My definition of leadership

Knowledge@Wharton’s (1999) article establishes that leadership has varying definitions and perceptions from culture to culture. Generally, when one thinks of leadership, they imagine someone who has charismatic qualities- someone who motivates his/her followers beyond their self-interest for the general good of the organization, inspires their followers positively, is widely accepted by their followers, and generate awareness among their followers on the group’s goal and mission (Knowledge@Wharton, 1999).

In my culture, everyone is expected to work in harmony with others interdependently, sharing the available resources and information for the overall good of the community. As such, the resulting collaboration and teamwork are the key features of leadership in my definition. In my opinion, leadership is the ability to create a culture that values and respects people’s views to inspire their followers to achieve goal-oriented tasks to the best of their abilities.

My cultural definition of leadership is a reflection of laissez-faire leadership which has a task-focused style. According to Cope and Murray (2017), this leadership style is a “hands-off” approach as the leaders are not directly involved in the tasks executed. The leaders’ presence is only required in very necessary situations; otherwise, tasks are delegated among members who have had enough guidance to effectively go through all the tasks (Cope & Murray, 2017). In this leadership style, leaders create a safe and conducive organizational culture where workers feel valued, respected and their opinions count. The followers are free to use their creativity, resources, and experience to achieve organizational goals.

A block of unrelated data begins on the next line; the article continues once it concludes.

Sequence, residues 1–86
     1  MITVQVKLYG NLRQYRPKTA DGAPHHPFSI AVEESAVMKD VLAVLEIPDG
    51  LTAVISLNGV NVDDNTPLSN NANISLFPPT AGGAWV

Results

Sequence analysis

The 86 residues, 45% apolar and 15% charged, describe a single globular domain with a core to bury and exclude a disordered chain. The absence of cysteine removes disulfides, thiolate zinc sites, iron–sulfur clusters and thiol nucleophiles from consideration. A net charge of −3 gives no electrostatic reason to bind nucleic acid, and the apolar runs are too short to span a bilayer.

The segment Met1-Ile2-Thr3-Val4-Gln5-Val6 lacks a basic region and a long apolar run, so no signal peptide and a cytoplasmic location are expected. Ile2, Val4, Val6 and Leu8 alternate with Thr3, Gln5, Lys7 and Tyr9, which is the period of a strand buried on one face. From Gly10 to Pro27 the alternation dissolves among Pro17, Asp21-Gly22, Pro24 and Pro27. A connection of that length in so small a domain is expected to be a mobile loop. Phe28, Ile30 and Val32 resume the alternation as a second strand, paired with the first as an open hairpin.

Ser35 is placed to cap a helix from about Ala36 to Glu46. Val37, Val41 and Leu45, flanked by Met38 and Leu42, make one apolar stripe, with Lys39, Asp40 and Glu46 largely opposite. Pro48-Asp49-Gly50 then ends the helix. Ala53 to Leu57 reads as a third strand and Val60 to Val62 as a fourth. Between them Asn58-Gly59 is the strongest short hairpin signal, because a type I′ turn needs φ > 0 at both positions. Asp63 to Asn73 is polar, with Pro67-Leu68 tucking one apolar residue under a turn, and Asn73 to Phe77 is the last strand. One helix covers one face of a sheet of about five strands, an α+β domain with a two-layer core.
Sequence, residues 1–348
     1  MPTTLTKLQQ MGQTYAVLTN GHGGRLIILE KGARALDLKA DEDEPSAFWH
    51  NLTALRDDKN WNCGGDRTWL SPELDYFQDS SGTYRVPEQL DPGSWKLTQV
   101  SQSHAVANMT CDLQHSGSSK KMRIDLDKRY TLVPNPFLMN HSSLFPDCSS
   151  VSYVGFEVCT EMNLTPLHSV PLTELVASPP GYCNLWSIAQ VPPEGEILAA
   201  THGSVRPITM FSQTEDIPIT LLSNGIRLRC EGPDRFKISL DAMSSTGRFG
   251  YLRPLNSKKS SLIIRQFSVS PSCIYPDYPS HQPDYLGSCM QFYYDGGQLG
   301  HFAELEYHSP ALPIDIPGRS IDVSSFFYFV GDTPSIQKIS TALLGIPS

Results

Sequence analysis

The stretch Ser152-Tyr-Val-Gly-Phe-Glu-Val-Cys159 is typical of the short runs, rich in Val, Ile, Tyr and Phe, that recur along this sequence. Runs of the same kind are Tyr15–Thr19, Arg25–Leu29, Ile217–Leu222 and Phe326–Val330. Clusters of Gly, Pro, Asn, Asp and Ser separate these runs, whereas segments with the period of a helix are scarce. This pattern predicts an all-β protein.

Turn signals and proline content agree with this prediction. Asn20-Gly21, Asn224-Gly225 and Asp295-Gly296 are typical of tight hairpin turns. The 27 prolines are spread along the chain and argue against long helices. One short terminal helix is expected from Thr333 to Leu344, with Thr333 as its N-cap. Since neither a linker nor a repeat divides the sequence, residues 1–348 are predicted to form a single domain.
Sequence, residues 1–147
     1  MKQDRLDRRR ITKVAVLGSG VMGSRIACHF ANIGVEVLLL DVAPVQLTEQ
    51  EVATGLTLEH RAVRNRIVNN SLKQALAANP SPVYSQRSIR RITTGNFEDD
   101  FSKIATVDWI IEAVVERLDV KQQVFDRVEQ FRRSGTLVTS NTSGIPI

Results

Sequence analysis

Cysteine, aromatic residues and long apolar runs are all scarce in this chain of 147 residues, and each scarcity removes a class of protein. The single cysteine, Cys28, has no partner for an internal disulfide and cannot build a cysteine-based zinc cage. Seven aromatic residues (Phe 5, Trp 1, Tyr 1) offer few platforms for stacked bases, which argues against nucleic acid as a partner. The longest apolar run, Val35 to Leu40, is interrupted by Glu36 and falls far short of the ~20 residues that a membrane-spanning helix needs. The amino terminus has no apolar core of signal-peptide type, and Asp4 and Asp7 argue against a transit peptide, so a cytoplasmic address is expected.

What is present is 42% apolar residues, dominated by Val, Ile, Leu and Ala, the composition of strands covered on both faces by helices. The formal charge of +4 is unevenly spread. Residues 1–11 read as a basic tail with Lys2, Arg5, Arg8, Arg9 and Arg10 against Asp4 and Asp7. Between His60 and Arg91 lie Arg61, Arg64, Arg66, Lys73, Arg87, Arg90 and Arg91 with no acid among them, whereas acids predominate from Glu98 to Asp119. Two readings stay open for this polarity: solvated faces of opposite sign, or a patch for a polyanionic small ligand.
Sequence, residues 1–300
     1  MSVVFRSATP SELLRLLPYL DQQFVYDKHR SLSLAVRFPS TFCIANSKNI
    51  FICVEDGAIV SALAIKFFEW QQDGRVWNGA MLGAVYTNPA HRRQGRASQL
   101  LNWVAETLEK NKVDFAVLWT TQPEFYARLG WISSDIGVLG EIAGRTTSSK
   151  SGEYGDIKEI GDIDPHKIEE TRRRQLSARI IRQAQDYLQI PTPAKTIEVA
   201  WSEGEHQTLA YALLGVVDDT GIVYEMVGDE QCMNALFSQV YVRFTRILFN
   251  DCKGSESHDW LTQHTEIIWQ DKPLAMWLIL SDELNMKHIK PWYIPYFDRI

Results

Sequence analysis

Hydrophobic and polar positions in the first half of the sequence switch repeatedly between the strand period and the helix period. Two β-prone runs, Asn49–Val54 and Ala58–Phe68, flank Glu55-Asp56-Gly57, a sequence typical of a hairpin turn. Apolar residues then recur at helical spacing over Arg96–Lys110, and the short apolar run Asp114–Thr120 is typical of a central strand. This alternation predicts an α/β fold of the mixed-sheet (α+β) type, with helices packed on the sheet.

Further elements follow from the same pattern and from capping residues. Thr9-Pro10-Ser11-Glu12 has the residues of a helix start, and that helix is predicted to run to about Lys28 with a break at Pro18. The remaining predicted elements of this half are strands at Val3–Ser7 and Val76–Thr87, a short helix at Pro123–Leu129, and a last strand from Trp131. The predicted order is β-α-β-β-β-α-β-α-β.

As a novice nurse, I will use my position to inspire my juniors, particularly student nurses who come in for clinical placements. I will guide and offer supervision in helping them achieve their objectives. I will also encourage them not to let the mistakes they make deter them from their goal of providing quality care to patients. In learning, one is bound to make mistakes, which only makes us wiser and more knowledgeable since we learn from our mistakes. Therefore, I will guide the student nurses while instilling confidence in them until I’m sure they can stand on their own.